John Douglas MacLachlan

First name: John Douglas

Last Name: MacLachlan

Hometown: Burrit’s Rapids, Ontario

Birth Year: 1906

Date of Death: October 13, 1987

Affiliation: Principal / President / Dean

OAC Pillar: Communities

About

John D. MacLachlan was a highly educated man, receiving his undergraduate degree from Queen’s University followed by a master’s and doctorate from Harvard University. He came to Guelph in 1939, first as an associate professor of botany and later was appointed president of OAC in 1950, and eventually became the first President of the University of Guelph in 1964.

“The responsibility of any university is to serve the public through higher education and by expanding the boundaries of knowledge... On the one hand, the campus has had a century of tradition; on the other, it is new, not only in name but in organization and principles of operation, and, like other universities, places under an independent board of governors.” – John D. MacLachlan

MacLachlan was the first president of OAC to be elected by an OAC alumni committee rather than being appointed by the Ontario Ministry of Agriculture. MacLachlan gained a good reputation during his time as a professor and the head of the Botany Department. He has been described as an inspiring teacher and a talented researcher.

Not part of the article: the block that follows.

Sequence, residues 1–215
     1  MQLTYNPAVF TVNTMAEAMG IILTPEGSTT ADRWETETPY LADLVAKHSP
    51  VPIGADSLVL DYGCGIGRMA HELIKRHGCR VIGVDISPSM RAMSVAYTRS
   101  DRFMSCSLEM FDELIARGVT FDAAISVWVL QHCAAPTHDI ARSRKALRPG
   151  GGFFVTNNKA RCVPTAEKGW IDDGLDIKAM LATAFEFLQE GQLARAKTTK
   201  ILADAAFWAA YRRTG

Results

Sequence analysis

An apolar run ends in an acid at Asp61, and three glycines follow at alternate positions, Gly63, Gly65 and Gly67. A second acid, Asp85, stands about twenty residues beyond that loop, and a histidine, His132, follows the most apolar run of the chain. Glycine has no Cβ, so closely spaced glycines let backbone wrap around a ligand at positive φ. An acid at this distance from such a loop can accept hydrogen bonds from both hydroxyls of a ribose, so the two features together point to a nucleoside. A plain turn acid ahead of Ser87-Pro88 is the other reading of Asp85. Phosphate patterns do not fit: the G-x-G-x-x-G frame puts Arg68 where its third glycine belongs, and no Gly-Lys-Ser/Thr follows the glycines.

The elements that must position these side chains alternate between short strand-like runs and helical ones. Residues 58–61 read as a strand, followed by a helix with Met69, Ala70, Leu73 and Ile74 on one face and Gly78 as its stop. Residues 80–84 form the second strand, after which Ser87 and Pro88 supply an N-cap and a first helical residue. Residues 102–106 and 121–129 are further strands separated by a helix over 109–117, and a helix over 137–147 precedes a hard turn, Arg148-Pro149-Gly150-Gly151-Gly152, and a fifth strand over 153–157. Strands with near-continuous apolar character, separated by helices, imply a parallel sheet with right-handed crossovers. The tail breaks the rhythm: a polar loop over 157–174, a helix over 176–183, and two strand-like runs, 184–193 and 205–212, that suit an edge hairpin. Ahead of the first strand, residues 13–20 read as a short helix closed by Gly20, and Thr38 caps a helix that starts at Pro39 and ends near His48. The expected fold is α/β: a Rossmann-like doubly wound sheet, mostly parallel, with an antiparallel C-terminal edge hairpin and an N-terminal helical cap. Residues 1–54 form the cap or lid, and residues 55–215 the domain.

MacLachlan served three different presidencies during his time on campus. His first was at OAC from 1950-1962, where he drew attention to the significance of research and academic growth and support of internationalism. During this time he encouraged the integration of OAC, OVC and Macdonald Institute to form the Federated Colleges, which MacLachlan became president of in 1962. The transition period required a lot of MacLauchlan’s attention. Often holding planning and recruitment meetings in his own home, he was still able to remain a down to earth family man who took his children to the dairy barn on Sundays.  

MacLachlan’s commitment to the pursuit of university status for the integrated colleges led to the establishment of the University of Guelph in 1964, with MacLachlan serving as the first president. It is very possible that without the ambition and perseverance of John Douglas MacLachlan, OAC’s reputation may have degraded and the University of Guelph may not have existed.

References and Further Reading

Posted on September 18, 2014